What's in a name?

Every once in a while, I'll get into these discussions with other hobbyists about the various minute of the hobby...Particularly about areas that I'm fascinated by, of course. Like, oh, I dunno-blackwater/botanical-style aquariums, for example!

A couple of friends and I had one of those chats recently and somebody remarked that the term "blackwater" is being used quite a bit nowadays - thrown around quite casually.

And I suppose it's true...The term "blackwater" in the aquarium context is becoming more and more commonplace, as aquariums featuring these types of conditions are falling more and more into the mainstream of the hobby, and far less of an obscure "sideshow" as they were in years past.

This is always a good thing, I think. 

Now, on the other hand, in the aquarium hobby, people love to sort of "take possession" of various ideas, techniques, etc., and make a land grab for "mind share" in a sense. Suffice it to say, the concept of "blackwater aquariums" is subject to just as much analysis, classification, and discussion as any other aquarium movement.


And I've always been a bit leery of "appropriating" for hobby use what have been largely scientific names/descriptors of things...I mean, not always, but some stuff becomes a bit problematic. In the reef world, where I come from, you learn to be less than cavalier about tossing stuff about if you don't have the goods to back up your assertions!

For some reason, in the reef side of the hobby, in addition to pure hobbyists, you have a lot of scientists who happen to be reef hobbyists, and many take great pains to instill accuracy in things we do, while still understanding that it's supposed to be a hobby...They're super cool and helpful.  Still others are incredibly offended by non-scientists even using scientific terms or concepts to describe stuff, and will just level you in forum discussions if you assert an opinion that is contradictory to what they know from their work. These discussions can get ugly might fast, too. "You know that Vanadium is only found in seawater in concentrations of 0.0003 ppm, and that can only mean..."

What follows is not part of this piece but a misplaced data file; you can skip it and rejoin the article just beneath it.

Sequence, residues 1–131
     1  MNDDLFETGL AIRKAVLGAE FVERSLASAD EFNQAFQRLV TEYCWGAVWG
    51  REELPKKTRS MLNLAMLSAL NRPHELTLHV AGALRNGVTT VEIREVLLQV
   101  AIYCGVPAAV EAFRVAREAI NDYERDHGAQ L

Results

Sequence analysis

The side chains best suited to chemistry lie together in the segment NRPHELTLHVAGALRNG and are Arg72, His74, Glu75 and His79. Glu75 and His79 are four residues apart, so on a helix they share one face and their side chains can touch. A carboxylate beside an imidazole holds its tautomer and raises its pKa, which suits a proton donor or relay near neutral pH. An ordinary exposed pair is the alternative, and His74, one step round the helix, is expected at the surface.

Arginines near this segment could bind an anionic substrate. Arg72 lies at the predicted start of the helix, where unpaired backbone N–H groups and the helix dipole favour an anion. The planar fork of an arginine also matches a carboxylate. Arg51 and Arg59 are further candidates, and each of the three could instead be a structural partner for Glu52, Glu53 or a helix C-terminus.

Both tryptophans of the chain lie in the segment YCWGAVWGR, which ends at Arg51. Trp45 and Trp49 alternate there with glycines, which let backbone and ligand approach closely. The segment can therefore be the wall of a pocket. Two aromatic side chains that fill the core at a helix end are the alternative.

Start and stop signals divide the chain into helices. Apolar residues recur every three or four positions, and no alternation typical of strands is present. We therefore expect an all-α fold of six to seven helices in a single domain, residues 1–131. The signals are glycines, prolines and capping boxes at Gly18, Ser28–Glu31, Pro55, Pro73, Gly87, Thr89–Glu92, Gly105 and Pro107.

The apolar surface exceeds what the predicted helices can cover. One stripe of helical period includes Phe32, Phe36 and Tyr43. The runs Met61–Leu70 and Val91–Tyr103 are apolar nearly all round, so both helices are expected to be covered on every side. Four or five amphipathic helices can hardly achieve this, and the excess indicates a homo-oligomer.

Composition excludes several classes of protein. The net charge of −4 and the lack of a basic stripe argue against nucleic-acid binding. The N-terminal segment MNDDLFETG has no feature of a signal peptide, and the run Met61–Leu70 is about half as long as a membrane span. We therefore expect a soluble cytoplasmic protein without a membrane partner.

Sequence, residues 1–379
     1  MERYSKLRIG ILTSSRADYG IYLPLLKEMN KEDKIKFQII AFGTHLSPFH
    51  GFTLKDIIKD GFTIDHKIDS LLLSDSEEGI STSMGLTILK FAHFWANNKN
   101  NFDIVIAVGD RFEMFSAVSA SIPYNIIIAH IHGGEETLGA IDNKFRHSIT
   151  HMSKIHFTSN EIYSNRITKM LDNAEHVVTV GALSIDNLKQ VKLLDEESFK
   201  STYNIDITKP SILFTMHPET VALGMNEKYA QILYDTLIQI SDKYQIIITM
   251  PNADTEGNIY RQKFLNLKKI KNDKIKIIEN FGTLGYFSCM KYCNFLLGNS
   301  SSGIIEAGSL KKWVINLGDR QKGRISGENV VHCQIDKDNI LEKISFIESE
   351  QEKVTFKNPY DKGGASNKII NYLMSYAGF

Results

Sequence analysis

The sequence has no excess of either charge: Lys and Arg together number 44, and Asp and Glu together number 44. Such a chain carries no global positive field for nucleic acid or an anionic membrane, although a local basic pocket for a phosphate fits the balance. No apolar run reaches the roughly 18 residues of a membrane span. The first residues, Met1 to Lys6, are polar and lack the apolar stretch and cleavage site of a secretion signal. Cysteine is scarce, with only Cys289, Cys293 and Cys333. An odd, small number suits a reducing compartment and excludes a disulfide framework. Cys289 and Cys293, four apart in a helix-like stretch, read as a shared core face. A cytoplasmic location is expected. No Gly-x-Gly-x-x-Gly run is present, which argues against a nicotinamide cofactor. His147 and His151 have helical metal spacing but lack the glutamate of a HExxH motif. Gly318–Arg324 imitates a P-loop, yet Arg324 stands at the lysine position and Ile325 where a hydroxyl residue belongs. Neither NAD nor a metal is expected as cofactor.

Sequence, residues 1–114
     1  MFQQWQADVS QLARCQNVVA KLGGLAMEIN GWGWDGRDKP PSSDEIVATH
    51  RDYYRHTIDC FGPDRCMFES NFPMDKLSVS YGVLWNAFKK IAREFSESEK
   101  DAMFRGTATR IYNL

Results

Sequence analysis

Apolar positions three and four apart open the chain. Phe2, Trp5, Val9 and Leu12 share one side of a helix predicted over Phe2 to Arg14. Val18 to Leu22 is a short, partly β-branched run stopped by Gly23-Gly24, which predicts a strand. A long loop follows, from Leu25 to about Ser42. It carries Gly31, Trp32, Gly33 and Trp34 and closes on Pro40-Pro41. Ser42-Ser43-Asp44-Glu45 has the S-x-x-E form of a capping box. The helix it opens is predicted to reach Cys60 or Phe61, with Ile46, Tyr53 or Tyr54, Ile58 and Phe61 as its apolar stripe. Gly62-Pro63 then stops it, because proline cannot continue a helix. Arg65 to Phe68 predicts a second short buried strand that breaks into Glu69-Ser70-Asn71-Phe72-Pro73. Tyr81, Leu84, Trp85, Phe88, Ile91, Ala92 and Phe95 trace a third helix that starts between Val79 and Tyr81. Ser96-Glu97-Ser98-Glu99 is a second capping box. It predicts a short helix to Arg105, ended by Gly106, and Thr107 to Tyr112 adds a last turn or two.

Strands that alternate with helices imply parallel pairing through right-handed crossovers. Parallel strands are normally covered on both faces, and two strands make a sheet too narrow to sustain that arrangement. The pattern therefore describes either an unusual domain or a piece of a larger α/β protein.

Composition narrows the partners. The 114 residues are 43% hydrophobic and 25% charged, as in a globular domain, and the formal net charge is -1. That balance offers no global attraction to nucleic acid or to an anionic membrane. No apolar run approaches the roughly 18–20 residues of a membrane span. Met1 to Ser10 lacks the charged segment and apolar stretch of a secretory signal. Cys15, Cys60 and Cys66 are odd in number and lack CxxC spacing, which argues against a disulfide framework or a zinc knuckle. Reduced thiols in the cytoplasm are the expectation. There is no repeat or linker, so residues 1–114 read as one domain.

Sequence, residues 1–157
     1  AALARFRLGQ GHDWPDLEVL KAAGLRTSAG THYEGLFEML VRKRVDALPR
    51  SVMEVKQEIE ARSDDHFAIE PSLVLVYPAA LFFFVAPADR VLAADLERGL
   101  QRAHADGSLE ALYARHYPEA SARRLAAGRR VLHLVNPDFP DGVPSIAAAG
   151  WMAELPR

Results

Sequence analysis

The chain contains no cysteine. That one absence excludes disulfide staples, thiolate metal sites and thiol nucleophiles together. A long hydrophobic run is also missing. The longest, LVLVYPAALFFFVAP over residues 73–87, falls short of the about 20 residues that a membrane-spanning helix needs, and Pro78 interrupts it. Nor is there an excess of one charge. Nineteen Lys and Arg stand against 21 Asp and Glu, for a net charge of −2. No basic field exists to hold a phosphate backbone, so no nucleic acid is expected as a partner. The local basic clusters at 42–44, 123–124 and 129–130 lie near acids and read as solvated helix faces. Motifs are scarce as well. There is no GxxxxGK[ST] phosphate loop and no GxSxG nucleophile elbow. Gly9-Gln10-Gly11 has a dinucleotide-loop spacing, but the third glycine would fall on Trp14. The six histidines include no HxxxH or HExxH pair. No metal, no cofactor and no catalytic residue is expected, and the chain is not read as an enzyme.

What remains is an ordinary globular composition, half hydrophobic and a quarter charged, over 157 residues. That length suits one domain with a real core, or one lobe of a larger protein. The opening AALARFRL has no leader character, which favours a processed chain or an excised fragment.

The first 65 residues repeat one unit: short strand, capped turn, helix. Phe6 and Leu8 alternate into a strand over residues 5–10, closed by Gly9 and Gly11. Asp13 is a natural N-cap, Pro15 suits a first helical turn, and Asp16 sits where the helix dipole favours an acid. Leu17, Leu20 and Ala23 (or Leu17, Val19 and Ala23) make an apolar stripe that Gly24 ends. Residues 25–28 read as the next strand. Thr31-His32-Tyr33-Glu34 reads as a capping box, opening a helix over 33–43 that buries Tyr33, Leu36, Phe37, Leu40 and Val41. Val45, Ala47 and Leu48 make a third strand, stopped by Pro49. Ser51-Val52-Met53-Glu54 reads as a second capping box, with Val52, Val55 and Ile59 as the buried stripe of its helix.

Yeah, that hardcore. It's weird. Shit can get ugly real fast.

However, it instills in you as a hobbyist not to casually toss around scientific terms and ideas if you don't have a really good handle on them. That being said, a term like "blackwater" or "blackwater aquarium" doesn't have a real "official" descriptor, in hobby parlance. I mean, really.

So, when I see us talking about "blackwater", I feel that occasional pang of "reefer's remorse" if I think I go too far. The reality is that the term "blackwater" as defined in science reference literature is a really vague and somewhat broad definition. In fact, you could really argue that it's not really a scientific term at all, merely a "catch all" term to describe a set of characteristics of an aquatic ecosystem.